Throughout the course of the twentieth century, society, and more specifically, the art community, underwent a rebirth called modernism. Modernism served as the basis for artists and society as a whole to seeks an expansion away from Victorian morals, which placed such marked constraints on society and social interaction. In this context, art became a philosophical means of expression in which the artist sought to improve the work to a higher level of expression. One artist made the observation that, "modernist art was the avant-garde mainstream within a broader stream, modern art, because it was progressive, verging toward ever-more-autonomous forms."
[...] When this occurred, those creating art sought to abandon the utopian ideal and provide for the community a clear representation of the immediate present. This method of artwork not only symbolizes a need for artists to better experience the world around them, but also for all individuals to look at the world as it truly was; rather than through s rose-colored lens which provided most citizens with a false sense of reality overall. In an attempt to provide a broad overview of postmodern art and its overall context for development, one only needs to consider the specific works that were created during this time period. [...]
[...] Gone are the idealistic utopian goals that served as the creation of art during the modern period. In the end, it seems reasonable to argue that the development of postmodern art was inevitable. As Western society passed through an era of innocence in which many scholars believed that anything was possible, the limitations of society and culture began to demonstrate that human potential was not limitless. In response to this realization, artists began exploring the specific implements of daily life that were impacting and driving social discourse. [...]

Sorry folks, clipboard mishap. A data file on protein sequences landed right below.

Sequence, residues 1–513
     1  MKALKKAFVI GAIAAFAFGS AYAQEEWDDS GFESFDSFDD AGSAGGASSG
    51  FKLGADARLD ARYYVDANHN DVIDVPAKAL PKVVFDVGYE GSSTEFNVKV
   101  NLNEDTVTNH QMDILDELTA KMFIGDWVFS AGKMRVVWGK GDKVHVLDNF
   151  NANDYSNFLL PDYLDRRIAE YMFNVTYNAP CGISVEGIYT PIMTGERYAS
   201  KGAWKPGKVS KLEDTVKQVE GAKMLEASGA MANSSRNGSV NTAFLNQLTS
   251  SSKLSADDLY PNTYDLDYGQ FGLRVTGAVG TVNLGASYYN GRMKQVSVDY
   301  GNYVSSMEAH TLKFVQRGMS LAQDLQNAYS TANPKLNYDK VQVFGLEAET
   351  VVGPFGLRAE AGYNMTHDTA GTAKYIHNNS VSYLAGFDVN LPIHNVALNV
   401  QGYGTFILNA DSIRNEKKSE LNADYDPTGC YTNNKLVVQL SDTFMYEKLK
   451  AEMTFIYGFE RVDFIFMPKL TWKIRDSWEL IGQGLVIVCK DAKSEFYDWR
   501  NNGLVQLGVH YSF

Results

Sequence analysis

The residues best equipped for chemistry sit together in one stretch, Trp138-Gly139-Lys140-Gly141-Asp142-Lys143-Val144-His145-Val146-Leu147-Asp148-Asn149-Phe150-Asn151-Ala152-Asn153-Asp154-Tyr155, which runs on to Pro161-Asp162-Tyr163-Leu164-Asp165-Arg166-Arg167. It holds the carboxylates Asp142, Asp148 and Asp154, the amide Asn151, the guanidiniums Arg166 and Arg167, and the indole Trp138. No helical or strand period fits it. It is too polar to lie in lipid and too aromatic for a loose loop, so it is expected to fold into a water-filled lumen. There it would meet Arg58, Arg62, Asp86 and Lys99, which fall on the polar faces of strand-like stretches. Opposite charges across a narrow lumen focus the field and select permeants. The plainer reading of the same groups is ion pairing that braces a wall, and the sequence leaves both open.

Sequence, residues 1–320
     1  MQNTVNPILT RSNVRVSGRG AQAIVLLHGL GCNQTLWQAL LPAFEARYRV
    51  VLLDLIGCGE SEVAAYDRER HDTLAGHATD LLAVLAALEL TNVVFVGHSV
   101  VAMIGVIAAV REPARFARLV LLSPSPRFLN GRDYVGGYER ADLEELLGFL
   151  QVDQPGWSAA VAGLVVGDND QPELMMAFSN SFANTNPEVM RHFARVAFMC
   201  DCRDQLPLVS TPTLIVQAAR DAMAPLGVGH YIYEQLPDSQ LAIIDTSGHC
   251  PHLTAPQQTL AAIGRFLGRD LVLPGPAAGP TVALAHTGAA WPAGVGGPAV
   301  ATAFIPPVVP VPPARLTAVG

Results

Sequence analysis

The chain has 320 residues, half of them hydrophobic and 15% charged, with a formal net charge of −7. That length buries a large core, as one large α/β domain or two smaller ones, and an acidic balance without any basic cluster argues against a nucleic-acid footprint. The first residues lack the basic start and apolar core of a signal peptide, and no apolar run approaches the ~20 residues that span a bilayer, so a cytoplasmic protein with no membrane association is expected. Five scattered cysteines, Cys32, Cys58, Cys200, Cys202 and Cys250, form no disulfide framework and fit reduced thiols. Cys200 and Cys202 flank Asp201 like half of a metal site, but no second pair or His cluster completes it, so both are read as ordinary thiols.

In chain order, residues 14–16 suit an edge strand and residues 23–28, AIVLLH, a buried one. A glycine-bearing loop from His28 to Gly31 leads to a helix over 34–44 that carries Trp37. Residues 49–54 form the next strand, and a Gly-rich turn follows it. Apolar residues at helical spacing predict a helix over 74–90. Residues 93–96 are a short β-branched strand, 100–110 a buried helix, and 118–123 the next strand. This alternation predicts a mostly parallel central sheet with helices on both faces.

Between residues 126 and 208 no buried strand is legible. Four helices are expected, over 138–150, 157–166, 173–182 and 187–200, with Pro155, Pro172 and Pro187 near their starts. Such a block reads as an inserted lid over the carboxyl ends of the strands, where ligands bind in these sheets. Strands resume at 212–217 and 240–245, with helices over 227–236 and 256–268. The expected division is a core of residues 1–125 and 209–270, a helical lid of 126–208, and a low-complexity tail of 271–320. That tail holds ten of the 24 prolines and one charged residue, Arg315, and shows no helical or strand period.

[...] Thus, the social ideology of utopia played a significant role in the development of modern art in the early and mid-twentieth century. By all accounts it is what drove the continued development of art. Assessing the manner in which politics, economics and gender impacted the development of postmodern art, it seems feasible to assert that over the course of the postmodern period, individuals caught in the countercultural movement that swept the United States were most likely to engage in and understand postmodern art. [...]
[...] The progression of postmodern art has also entailed the use of technology as a means for promoting social awareness of cultural changes. Between 1969 and 1971 Nam June Paik created the Virtual Video Synthesizer, which allowed real-time synchronization of seven different camera inputs. This artwork essentially used the television screen as a means to produce art. This type of postmodern art is typically referred to as media art. Obviously, this form is one that incorporates the concrete realities of society into the context of creating art. [...]
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